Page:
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Comet Craft Starts Drilling To Collect Data But Its Location Is Still Unknown

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AP Photo

The Philae lander on Wednesday became the first spacecraft to touch down on a comet and has since sent its first images from the surface of the body, known as 67P/Churyumov-Gerasimenko.

But two harpoons that should have anchored the washing machine-sized Philae to the surface did not properly deploy when it hit the comet.

That caused the lander to bounce off the comet and drift through the void for two hours before touching down again. After a second, smaller bounce, scientists believe it came to rest in a shallow crater on the comet's 2½-mile (4-kilometer) -wide body, or nucleus.

European Space Agency mission control still has not been able to locate the probe, but it's believed to be next to a cliff that is blocking sunlight from its solar panels.

That means the probe has been operating on battery power, which is expected to soon run out.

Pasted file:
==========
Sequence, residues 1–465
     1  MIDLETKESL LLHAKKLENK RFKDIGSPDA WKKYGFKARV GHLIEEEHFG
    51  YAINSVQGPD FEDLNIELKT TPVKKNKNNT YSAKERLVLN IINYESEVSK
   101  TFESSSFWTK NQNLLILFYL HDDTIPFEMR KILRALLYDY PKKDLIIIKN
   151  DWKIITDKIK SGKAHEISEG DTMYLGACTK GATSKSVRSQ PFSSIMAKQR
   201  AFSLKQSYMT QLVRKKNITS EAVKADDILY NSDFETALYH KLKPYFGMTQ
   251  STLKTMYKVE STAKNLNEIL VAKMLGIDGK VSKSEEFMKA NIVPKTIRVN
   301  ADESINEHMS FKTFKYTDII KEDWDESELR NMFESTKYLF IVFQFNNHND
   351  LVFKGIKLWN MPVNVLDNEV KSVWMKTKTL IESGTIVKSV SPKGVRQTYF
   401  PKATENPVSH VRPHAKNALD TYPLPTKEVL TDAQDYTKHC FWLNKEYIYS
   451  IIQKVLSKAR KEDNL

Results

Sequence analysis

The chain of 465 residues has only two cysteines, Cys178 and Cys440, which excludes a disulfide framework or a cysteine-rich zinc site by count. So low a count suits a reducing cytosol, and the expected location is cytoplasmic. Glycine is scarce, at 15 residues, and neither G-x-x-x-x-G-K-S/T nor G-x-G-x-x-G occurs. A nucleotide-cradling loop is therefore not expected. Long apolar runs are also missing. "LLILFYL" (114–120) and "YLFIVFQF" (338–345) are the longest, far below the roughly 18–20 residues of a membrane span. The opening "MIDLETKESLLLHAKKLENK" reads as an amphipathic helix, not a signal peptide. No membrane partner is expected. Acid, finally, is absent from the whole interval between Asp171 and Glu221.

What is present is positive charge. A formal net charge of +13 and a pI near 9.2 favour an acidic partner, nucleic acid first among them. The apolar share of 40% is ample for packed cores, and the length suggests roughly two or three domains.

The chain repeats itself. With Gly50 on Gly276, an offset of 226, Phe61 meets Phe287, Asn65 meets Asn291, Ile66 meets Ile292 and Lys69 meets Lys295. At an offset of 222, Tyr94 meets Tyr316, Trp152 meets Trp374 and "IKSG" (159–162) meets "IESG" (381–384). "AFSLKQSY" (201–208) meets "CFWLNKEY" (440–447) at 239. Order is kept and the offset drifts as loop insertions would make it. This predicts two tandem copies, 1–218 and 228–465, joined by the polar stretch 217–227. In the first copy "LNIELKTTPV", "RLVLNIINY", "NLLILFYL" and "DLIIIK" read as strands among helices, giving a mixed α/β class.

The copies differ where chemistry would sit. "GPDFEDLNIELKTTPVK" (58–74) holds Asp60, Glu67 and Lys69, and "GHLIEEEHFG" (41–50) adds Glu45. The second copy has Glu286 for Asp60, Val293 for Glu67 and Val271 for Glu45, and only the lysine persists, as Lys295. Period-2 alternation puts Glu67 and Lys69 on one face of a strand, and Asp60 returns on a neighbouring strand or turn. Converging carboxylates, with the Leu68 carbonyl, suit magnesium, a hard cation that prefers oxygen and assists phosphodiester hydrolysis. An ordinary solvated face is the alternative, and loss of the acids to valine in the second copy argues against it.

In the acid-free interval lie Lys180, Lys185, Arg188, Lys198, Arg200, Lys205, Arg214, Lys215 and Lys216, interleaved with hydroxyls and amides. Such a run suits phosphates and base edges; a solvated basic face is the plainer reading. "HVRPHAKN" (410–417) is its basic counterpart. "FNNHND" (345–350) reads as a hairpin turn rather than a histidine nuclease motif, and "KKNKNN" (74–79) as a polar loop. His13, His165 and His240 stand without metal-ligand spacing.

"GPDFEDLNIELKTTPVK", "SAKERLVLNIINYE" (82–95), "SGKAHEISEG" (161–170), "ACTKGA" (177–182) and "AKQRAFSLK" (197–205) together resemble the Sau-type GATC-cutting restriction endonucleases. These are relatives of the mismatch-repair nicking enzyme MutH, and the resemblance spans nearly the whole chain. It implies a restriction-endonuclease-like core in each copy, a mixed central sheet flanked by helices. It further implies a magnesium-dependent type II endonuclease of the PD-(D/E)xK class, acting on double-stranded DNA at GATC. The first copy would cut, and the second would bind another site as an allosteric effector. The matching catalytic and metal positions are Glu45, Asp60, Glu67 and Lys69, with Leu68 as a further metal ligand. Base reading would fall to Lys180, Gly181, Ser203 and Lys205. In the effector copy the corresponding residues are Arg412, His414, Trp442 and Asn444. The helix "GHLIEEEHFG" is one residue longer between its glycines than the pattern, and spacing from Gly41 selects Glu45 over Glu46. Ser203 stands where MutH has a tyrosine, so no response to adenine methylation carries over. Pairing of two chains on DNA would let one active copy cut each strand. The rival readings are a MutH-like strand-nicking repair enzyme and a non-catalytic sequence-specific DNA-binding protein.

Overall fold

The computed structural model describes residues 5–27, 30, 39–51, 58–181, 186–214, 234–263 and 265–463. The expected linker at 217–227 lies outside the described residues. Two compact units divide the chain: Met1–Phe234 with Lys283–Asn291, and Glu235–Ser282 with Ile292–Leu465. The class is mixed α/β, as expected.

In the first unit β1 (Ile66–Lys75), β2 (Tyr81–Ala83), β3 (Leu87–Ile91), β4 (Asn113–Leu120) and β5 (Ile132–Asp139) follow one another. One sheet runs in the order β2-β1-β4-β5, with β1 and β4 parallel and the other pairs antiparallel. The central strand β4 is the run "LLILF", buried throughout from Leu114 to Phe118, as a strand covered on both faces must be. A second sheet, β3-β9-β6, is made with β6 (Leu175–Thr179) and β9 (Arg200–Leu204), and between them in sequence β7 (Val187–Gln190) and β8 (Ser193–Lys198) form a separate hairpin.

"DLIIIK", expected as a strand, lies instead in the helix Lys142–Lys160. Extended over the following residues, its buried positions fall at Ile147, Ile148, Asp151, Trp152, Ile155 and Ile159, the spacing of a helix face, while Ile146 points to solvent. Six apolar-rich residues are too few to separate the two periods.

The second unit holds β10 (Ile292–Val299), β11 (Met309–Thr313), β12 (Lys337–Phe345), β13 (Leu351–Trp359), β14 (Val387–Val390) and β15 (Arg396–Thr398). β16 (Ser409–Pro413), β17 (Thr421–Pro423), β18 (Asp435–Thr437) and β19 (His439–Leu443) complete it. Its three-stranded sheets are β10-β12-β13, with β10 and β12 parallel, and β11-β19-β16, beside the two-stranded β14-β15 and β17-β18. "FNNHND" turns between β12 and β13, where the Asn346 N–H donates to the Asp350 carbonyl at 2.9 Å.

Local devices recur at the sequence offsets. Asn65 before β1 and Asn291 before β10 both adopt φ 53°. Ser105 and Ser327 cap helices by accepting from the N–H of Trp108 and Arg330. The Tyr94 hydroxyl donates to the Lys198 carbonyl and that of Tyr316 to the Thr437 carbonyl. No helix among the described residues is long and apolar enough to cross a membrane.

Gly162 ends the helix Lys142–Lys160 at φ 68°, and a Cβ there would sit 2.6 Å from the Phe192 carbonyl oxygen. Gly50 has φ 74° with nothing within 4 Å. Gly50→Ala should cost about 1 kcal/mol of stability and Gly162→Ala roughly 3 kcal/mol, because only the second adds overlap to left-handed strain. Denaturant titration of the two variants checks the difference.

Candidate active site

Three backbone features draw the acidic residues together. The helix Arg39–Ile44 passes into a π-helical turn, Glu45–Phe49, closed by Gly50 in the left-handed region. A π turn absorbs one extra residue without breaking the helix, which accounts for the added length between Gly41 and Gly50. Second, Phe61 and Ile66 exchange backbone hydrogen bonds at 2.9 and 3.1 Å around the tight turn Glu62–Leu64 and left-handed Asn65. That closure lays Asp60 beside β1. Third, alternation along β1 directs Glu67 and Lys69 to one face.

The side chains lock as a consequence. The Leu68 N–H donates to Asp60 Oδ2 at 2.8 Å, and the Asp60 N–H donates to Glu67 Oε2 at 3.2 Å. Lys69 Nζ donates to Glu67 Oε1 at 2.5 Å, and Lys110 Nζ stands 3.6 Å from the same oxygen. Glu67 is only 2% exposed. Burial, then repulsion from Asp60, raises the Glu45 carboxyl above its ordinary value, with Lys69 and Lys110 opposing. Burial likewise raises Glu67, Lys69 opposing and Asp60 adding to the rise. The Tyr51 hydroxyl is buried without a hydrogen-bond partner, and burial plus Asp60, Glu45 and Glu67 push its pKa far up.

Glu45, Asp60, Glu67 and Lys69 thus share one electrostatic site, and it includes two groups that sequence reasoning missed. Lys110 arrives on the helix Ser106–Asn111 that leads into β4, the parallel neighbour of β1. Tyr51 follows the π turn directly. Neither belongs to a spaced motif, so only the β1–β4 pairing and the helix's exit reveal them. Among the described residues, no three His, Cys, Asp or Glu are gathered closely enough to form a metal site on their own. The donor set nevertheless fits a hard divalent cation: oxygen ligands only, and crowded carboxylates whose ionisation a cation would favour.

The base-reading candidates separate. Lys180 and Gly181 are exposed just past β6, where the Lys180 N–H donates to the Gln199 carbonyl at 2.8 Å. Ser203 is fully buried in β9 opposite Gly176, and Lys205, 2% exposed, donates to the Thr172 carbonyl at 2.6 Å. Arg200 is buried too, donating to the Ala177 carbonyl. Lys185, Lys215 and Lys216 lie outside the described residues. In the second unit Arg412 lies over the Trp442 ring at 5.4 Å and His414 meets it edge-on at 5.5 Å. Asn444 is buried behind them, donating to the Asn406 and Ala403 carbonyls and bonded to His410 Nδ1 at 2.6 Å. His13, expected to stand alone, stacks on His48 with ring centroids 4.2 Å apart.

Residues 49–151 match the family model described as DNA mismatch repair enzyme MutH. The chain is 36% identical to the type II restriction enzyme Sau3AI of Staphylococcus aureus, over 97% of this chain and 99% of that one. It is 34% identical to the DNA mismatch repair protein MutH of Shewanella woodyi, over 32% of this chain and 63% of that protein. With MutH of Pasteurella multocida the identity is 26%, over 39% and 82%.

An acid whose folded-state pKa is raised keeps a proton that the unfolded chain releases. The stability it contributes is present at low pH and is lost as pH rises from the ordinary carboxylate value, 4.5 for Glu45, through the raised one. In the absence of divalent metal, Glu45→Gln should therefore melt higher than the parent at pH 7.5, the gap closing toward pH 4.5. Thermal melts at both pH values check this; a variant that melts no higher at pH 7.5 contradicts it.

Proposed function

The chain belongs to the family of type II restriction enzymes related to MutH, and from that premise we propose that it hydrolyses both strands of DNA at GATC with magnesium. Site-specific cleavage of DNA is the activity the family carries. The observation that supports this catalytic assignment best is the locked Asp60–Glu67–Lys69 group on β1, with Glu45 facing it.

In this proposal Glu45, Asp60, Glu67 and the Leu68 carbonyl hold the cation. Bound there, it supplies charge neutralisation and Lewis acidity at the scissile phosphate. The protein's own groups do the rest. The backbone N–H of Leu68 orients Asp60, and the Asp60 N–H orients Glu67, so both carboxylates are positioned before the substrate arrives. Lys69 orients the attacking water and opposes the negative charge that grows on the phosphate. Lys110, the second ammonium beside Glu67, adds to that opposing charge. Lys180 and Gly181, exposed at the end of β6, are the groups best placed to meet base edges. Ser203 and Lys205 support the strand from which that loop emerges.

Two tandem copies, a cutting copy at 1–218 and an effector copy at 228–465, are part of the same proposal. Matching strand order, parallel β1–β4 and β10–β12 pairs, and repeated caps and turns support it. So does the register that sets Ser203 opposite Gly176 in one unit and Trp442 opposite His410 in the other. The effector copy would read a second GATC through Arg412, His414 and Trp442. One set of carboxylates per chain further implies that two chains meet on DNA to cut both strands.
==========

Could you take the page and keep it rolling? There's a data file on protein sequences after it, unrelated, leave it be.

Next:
Philippe Gaudon, an ESA project manager, said that by using that power, Philae was able to successfully deploy its drill and bore 25 centimeters (about 10 inches) into the comet's surface to start collecting samples.

"So the mechanism has worked, but unfortunately we have lost the link and we have no more data," he told reporters in an online briefing.

Stephan Ulamec, head of operations for Philae, said right now it was unknown whether battery power would be sufficient to link back up with the probe.

"Maybe the battery will be empty before we get contact again," he said.

Meantime, he said the probe is receiving "very limited power" from its solar panels and project engineers are trying to determine how they might move the panels so that they receive more sunlight.

Communication with the lander is slow, with signals taking more than 28 minutes to travel between Earth and Philae's mother ship, the Rosetta orbiter flying above the comet.

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David Rising contributed to this story

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